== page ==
Cyber crime isn’t going away. Security threats are constantly evolving to evade detection, so it can feel like a constant challenge for a business to protect itself. Having a proactive maintenance and monitoring plan in place and conducting good user training is a solid defence strategy, but it’s also helpful to know what the latest threats look like.
Phishing emails not detected as spam are becoming increasingly common. If something comes through as a ‘normal’ email, it appears genuine – but this isn’t always the case. Be cautious about anything asking you to click on a link within an email should be treated with caution. Even if the email is disguising itself as one from your bank or a credible existing supplier, do not risk it. If in doubt, call them and ask whether they sent the email. Chances are, they didn’t and this is just the latest scam by criminals intent on stealing data and money from businesses.
At the opposite end of the spectrum are less sophisticated email scams. There has been a marked increase in unknown senders issuing abusive emails to recipients trying to get a response. It could be tempting to respond in irritation but the best thing to do is simply ignore.
Ransomware is also becoming an even more prevalent form of malware; software created with malicious intent. Ransomware holds data to ransom, demanding a fee to release it, and includes the infamous ‘Cryptolocker’ and ‘Game Over Zeus’ viruses. We recommend businesses mitigate against the risks of a Ransomware attack by saving their files in the Cloud rather than the desktop itself, for example in OneDrive, SharePoint or Google Drive. Use the business versions of cloud storage and pay for storage to ensure protection/encryption, and avoid using free software like DropBox unless you have enterprise security. Antivirus and monitoring software is also intrinsic to prevent the latest ransomware threat from sitting on your machine and encrypting data, so always ensure this is up to date.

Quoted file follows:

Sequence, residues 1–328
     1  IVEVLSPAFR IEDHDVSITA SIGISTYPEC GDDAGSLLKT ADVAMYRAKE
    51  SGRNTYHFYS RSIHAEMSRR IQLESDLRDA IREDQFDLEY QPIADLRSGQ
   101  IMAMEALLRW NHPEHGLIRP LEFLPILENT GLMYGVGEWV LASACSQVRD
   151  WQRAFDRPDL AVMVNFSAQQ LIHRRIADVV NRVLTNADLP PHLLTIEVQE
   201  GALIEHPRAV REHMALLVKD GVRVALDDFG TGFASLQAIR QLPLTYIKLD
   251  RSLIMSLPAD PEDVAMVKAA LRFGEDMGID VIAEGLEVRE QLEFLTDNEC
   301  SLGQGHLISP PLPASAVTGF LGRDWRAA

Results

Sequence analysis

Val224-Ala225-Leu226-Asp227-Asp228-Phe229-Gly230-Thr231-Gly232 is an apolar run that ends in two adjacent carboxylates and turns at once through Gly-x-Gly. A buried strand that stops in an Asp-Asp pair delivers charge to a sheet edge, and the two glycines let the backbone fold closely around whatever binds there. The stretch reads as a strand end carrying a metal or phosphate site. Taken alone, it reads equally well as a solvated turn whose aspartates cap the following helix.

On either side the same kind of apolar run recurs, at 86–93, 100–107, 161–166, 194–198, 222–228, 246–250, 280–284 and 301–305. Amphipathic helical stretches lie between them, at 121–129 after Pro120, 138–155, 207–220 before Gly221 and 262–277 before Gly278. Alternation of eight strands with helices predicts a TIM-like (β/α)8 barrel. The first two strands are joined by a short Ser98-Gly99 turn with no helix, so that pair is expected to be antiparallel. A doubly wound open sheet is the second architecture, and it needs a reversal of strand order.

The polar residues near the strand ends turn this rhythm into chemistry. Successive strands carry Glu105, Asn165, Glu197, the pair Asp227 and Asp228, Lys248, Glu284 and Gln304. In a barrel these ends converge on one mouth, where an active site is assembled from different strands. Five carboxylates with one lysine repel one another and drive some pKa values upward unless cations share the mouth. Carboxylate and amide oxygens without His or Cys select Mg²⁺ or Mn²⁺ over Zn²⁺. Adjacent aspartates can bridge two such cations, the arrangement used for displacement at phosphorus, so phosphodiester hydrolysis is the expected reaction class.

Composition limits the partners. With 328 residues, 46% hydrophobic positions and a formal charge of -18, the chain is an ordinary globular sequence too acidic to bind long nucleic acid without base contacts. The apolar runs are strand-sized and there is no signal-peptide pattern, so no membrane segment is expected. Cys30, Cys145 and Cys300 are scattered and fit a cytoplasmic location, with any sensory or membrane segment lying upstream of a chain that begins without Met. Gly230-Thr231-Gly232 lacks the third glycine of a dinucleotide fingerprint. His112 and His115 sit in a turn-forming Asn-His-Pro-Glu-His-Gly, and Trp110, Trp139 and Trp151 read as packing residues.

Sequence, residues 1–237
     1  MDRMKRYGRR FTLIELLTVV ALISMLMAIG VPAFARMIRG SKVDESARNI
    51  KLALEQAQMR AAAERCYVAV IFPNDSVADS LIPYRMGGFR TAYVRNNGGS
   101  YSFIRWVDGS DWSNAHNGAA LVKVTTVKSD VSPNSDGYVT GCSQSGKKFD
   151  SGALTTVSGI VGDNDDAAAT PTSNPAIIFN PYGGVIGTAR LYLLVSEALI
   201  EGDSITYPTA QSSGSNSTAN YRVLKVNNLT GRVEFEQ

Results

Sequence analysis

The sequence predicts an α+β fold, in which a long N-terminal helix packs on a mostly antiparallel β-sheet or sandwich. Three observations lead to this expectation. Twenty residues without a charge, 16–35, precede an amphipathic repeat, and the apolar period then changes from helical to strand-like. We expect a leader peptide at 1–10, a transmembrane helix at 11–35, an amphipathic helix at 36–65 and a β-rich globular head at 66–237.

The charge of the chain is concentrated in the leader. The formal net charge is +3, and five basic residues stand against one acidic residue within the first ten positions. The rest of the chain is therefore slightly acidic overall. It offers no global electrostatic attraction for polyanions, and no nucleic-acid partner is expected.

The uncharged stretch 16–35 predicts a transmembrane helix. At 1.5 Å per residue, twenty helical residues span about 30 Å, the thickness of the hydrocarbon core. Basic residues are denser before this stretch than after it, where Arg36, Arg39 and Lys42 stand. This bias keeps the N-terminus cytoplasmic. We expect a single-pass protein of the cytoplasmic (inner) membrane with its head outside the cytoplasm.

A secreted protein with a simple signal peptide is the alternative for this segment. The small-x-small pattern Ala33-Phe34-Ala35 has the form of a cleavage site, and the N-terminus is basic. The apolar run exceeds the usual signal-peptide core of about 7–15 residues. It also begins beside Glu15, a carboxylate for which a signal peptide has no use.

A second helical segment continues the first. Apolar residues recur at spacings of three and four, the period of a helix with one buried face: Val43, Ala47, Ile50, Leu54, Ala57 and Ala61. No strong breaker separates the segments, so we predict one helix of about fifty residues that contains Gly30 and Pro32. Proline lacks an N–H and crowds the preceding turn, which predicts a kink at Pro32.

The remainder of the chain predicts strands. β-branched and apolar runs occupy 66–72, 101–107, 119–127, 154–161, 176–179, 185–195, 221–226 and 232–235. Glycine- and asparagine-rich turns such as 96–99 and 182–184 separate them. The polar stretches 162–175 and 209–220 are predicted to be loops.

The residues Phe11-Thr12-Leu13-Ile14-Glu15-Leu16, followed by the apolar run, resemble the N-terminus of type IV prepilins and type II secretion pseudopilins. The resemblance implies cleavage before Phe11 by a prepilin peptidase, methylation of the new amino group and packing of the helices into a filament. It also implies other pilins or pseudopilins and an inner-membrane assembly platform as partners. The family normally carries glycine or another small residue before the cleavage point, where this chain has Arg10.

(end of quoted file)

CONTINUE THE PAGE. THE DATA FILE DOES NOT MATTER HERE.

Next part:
Many people don’t realise there are different means of ‘password attack’; a brute-force attack, which involves guessing at passwords until the hacker gets in; a dictionary attack, which uses a programme to try different combinations of dictionary words; and keylogging, which tracks all of a user’s keystrokes, including login IDs and passwords. Strong passwords are key – minimum eight characters, alpha-numeric and with a character like a full stop or exclamation mark. Don’t use the same passwords for everything, and try to avoid ‘remember password’ where you can, it just makes it easier for someone to log in if lost or stolen.
There is plenty of evidence that attacks on small businesses are increasing, including an extensive report from security firm Symantec conducted last year. Criminals often see SMEs as a soft target, as they are expected to have less security than a blue chip company whilst sitting on data they may not recognise as valuable. Make sure you don’t get caught out by ever-evolving threats by committing to ongoing review of your security measures. Look at your policies regularly, check the software you have is the best and most up to date, and in short, make cyber security a business priority.
Andy Hinxman is founder of Keybridge IT Solutions.